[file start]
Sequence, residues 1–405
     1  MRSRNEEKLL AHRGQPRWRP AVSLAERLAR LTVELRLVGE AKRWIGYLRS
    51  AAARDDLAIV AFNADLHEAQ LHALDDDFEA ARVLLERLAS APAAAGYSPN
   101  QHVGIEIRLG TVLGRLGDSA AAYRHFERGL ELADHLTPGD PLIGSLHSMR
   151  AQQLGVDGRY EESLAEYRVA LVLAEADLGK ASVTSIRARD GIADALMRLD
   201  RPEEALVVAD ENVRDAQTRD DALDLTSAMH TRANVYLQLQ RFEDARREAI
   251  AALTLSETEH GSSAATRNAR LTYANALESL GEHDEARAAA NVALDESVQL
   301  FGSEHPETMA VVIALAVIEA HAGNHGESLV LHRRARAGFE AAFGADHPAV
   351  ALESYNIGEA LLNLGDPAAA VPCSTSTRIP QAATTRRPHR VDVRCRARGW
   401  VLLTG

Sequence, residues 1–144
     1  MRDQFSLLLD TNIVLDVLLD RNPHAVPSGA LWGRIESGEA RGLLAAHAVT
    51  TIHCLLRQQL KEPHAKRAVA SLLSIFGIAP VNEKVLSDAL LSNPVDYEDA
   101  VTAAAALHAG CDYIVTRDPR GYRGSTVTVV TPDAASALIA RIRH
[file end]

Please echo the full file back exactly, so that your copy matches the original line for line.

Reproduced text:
Sequence, residues 1–405
     1  MRSRNEEKLL AHRGQPRWRP AVSLAERLAR LTVELRLVGE AKRWIGYLRS
    51  AAARDDLAIV AFNADLHEAQ LHALDDDFEA ARVLLERLAS APAAAGYSPN
   101  QHVGIEIRLG TVLGRLGDSA AAYRHFERGL ELADHLTPGD PLIGSLHSMR
   151  AQQLGVDGRY EESLAEYRVA LVLAEADLGK ASVTSIRARD GIADALMRLD
   201  RPEEALVVAD ENVRDAQTRD DALDLTSAMH TRANVYLQLQ RFEDARREAI
   251  AALTLSETEH GSSAATRNAR LTYANALESL GEHDEARAAA NVALDESVQL
   301  FGSEHPETMA VVIALAVIEA HAGNHGESLV LHRRARAGFE AAFGADHPAV
   351  ALESYNIGEA LLNLGDPAAA VPCSTSTRIP QAATTRRPHR VDVRCRARGW
   401  VLLTG

Sequence, residues 1–144
     1  MRDQFSLLLD TNIVLDVLLD RNPHAVPSGA LWGRIESGEA RGLLAAHAVT
    51  TIHCLLRQQL KEPHAKRAVA SLLSIFGIAP VNEKVLSDAL LSNPVDYEDA
   101  VTAAAALHAG CDYIVTRDPR GYRGSTVTVV TPDAASALIA RIRH